- Pakistan’s Navy announced on January 3, the successful test-firing of the indigenously produced ‘Harba’ anti-ship cruise missile (ASCM) from the Azmat-class fast attack craft (FAC) PNS Himmat. The Harba surface-to-surface anti-ship missile also comes with a Land Attack capability and is a variant of the Babur land attack cruise missile (LACM), while the PNS Himmat is the first of two Azmat-class FACs modified to deploy the Harba (the second is under construction). Analysts believe that the ASCM will be likely deployed on Type 054A frigates being purchased from China, which may include the Type 366/SLR-66 over the horizon (OTH) radar necessary to provide mid-course guidance to targets for the Harba.
- The Indian Air Force (IAF) has started a program to procure a new close-in weapons system (CIWS) that is open only to domestic firms under its “Buy & Make (Indian)” procurement category. Valued at $1.5 billion, the service-specific tender requests 244 air defense guns, 228 fire control and search radars, and 204,000 programmable bullets, and will replace the obsolete Russian-made L-70 and ZU-23-2B air defense systems. The new guns will havea range of 3.5 kilometers and be capable of firing 200 rounds of ammunition per minute, and will be capable of targeting fighters, helicopters, UAVs and cruise missiles. Local firms lining up for the program are Bharat Forge Limited, Punj Lloyd, TataPower SED, Larsen & Toubro, Reliance Defence, and Mahindra Defence Systems, as well as state-controlled Bharat Electronics Limited and Ordnance Factory Board. Induction will take place over the next seven years.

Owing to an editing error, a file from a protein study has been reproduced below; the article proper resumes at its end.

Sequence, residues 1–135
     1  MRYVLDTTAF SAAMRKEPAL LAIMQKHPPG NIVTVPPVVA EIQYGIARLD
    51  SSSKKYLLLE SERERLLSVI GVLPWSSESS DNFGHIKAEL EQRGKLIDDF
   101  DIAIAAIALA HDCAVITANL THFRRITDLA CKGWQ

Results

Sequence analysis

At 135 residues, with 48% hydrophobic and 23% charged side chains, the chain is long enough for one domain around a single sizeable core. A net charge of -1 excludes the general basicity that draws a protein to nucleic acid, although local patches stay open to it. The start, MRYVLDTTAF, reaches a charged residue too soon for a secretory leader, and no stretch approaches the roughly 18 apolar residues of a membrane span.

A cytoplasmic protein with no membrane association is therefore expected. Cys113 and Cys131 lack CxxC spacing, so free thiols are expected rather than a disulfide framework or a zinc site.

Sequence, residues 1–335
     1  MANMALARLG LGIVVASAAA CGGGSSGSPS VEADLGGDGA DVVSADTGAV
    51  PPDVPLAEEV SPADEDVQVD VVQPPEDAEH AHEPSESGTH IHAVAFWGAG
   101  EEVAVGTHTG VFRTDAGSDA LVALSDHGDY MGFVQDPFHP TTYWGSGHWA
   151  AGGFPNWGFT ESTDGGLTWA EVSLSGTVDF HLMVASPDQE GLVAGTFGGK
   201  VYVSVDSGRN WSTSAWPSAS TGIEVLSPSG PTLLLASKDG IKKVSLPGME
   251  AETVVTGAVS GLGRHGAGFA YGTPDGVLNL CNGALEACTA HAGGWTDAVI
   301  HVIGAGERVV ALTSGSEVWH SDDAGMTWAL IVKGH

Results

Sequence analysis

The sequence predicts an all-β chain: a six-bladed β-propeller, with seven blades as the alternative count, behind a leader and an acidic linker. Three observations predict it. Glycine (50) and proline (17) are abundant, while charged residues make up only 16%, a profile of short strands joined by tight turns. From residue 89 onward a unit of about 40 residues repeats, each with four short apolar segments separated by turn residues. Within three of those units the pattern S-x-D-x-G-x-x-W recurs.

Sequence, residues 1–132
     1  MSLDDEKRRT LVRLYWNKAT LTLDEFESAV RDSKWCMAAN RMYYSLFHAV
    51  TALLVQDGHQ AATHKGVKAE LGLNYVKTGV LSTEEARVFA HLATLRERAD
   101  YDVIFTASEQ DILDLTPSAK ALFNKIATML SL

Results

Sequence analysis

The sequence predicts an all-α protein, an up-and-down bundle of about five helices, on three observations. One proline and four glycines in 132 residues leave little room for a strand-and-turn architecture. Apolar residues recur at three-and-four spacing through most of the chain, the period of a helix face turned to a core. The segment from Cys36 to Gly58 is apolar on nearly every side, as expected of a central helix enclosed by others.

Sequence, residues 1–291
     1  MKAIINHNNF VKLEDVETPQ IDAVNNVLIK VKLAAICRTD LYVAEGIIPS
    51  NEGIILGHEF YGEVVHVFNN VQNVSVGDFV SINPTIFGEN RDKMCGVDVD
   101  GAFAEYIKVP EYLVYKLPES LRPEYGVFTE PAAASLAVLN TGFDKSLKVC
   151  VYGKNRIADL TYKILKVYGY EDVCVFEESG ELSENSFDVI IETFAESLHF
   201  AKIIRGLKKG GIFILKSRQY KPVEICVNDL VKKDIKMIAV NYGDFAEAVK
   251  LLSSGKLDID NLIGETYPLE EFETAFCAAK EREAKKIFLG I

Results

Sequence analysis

- After two no-shows to requests to appear in front of Indonesia’s Corruption Eradication Commission, former Air Force chief of staff Agus Supriatna finally made an appearance on January 3, to answer questions over alleged graft during the purchase of an Agusta-Westland AW101 helicopter. Agus was one of several air force officers questioned as a witness in the commission’s investigation into graft suspect Irfan Kurnia Saleh, the CEO of military equipment supplier Diratama Jaya Mandiri. As with just about anyone who has been wrapped up in a corruption scandal, Agus told reporters after the questioning that he hoped all parties involved keep the legal case low-profile while it is being settled. “We will work together to resolve it. There is no need to be noisy,” he said. The attempted procurement of two AW101s for VVIP transport caused quite a ruckus in Indonesia and was cancelled by President Joko Widodo after public outcry in 2015. Despite this, air force officials went ahead with the purchase of one model for ‘other purposes’, and six military officers, along with another person, are now being investigated for alleged collaboration in acquiring the helicopter on the sly, which resulted in the loss of $16 million to the taxpayer.
- Pakistan tests the Harba ASCM: